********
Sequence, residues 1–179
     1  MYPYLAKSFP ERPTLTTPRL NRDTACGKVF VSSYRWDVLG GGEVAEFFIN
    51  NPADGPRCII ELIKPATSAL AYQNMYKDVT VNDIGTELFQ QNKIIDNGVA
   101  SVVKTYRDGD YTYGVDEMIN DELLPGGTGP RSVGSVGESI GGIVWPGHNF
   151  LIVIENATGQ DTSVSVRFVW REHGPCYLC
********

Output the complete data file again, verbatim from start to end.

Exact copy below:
Sequence, residues 1–179
     1  MYPYLAKSFP ERPTLTTPRL NRDTACGKVF VSSYRWDVLG GGEVAEFFIN
    51  NPADGPRCII ELIKPATSAL AYQNMYKDVT VNDIGTELFQ QNKIIDNGVA
   101  SVVKTYRDGD YTYGVDEMIN DELLPGGTGP RSVGSVGESI GGIVWPGHNF
   151  LIVIENATGQ DTSVSVRFVW REHGPCYLC